Once Kelly arrived in Toronto, Imlach asked him to become a full-time centre, figuring that Kelly could easily match up against the Montreal Canadiens' Jean Béliveau. The switch paid off. Already a great playmaker, Kelly turned Frank Mahovlich into one of the most lethal goal scorers in NHL history. He won his fourth Lady Byng Award in 1961. In his eight seasons with the Leafs, they won the Stanley Cup four times – the same number of times he'd won in Detroit.

In 1,316 regular season games, he scored 281 goals and 542 assists for 823 points. At the time of his retirement, he was seventh all time in career points, fifth in assists, 13th in goals, and second only to Gordie Howe in games played. In 164 playoff games, he scored 33 goals and 59 assists for 92 points.

Coaching career[edit]

After the Maple Leafs won the Stanley Cup in 1967, Kelly announced his retirement as a player, and negotiated with the expansion Los Angeles Kings to be their inaugural coach on the strength of Imlach's assertion that Toronto would not stand in the way of Kelly's coaching career. However, Imlach insisted that Los Angeles draft Kelly in the expansion draft, and after the Kings failed to do so, refused to release Kelly's rights until Los Angeles traded a minor-league defenceman to the Leafs.[3]

Despite being the only rookie coach, and being in charge of the favourites to finish last, Kelly went on to guide the Kings to second place in the West Division and made the playoffs two years in a row.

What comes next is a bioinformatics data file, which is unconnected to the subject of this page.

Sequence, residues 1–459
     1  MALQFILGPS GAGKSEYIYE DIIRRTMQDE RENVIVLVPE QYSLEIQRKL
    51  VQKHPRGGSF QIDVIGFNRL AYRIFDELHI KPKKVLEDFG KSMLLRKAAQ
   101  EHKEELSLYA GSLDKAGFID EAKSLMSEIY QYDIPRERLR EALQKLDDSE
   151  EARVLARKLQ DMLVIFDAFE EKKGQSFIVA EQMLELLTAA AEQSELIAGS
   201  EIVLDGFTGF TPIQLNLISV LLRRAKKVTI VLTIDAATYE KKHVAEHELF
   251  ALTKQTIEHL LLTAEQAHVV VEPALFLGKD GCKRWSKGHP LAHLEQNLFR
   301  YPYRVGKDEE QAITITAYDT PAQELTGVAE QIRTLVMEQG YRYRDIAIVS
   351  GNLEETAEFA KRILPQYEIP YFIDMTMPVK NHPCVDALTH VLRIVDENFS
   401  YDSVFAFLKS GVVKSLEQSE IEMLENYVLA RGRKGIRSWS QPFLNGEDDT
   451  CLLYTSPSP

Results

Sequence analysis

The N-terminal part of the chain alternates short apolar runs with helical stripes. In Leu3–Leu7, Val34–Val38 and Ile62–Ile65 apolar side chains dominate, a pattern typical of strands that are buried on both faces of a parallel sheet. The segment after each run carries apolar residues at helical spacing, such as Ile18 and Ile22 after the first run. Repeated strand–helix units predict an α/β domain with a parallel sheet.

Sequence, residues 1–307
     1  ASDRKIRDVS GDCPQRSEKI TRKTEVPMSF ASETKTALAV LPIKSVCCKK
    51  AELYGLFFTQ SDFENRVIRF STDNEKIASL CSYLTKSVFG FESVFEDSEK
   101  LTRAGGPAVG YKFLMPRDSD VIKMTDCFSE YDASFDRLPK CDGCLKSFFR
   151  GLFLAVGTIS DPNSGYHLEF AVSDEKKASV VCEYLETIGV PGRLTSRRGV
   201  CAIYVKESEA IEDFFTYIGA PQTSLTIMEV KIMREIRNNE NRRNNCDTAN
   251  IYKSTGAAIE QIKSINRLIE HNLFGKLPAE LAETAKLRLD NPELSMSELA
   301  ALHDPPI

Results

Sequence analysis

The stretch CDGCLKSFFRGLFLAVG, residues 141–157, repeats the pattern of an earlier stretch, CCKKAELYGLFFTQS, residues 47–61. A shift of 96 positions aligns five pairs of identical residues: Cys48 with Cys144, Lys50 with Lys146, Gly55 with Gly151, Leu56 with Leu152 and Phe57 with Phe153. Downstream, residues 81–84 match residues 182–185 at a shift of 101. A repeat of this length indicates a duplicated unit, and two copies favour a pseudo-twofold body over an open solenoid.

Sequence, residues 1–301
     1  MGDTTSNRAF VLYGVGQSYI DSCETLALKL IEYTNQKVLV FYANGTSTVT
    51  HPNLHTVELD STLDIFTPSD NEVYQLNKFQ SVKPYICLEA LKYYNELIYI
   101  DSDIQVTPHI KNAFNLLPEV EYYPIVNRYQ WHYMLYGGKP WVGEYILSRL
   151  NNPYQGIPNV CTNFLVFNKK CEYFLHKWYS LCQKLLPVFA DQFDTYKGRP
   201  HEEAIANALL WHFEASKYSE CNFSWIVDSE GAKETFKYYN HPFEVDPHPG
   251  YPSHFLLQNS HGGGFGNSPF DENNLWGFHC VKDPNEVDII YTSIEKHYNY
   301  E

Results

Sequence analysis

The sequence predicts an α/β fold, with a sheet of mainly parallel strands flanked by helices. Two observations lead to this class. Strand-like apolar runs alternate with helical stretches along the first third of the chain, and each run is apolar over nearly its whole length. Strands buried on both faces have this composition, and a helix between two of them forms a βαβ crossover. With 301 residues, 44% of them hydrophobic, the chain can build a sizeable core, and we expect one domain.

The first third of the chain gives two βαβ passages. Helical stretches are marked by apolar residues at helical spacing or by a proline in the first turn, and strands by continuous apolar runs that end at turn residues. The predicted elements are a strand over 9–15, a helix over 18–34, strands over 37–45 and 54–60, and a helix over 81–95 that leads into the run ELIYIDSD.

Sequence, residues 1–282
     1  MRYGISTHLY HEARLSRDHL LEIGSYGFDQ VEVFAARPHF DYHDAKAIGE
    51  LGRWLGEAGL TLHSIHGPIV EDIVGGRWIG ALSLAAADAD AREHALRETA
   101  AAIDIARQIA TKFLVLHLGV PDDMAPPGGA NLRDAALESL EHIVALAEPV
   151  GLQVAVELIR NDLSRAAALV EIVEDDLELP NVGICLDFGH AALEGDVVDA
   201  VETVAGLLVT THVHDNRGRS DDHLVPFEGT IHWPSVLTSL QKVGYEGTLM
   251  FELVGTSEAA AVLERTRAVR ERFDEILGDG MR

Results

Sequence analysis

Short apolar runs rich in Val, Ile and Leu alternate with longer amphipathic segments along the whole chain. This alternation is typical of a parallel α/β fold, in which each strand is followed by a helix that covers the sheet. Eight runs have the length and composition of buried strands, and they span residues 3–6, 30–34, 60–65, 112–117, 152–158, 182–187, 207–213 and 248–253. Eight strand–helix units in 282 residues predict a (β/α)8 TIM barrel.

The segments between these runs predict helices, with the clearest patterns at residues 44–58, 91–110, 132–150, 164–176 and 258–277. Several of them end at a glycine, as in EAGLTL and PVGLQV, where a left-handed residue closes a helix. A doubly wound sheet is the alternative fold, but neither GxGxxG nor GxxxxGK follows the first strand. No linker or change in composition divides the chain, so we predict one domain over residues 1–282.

In 1969–70, Kelly moved on to coach the Pittsburgh Penguins for three seasons, making the playoffs in his first and last seasons with the team. Kelly returned to the Maple Leafs as coach in 1973. He stayed in the position from 1973–74 to 1976–77. The team earned a playoff berth in all four seasons with Kelly as head coach but got eliminated in the quarterfinals each time. He was fired at the end of the 1977 season, ending 30 consecutive years at ice level in the NHL.

His final regular season coaching record was 261–311–128.

Political career[edit]

Leonard Patrick "Red" Kelly
CM
Member of the Canada Parliament
for York West
In office
1962–1965
Preceded by John Hamilton
Succeeded by Robert Winters
Personal details
Nationality Canadian
Political party Liberal
Spouse(s) Andra Carol McLaughlin
m. 4 July 1959
Religion Roman Catholic
[2]

Kelly was elected to the Canadian House of Commons in the 1962 federal election at the York West riding under the Liberal party led by Lester B. Pearson. He was re-elected there in the following year's election in which his Progressive Conservative opponent was future NHL agent Alan Eagleson.

Kelly continued to play with the Toronto Maple Leafs during his terms as a Member of Parliament. During the Great Canadian Flag Debate, he received opposition from Leafs owner Conn Smythe who opposed Pearson's plans to replace the Union Jack flag with the Maple Leaf.[4]

After serving two terms in the 25th and 26th Canadian Parliaments, Kelly left federal politics and did not seek re-election in 1965. He was succeeded in York West by fellow Liberal Robert Winters.

Achievements and facts[edit]

Career statistics[edit]

    Regular season   Playoffs
Season Team League GP G A Pts PIM GP G A Pts PIM
1946–47 St. Michael's College Majors OHA 30 9 24 33 13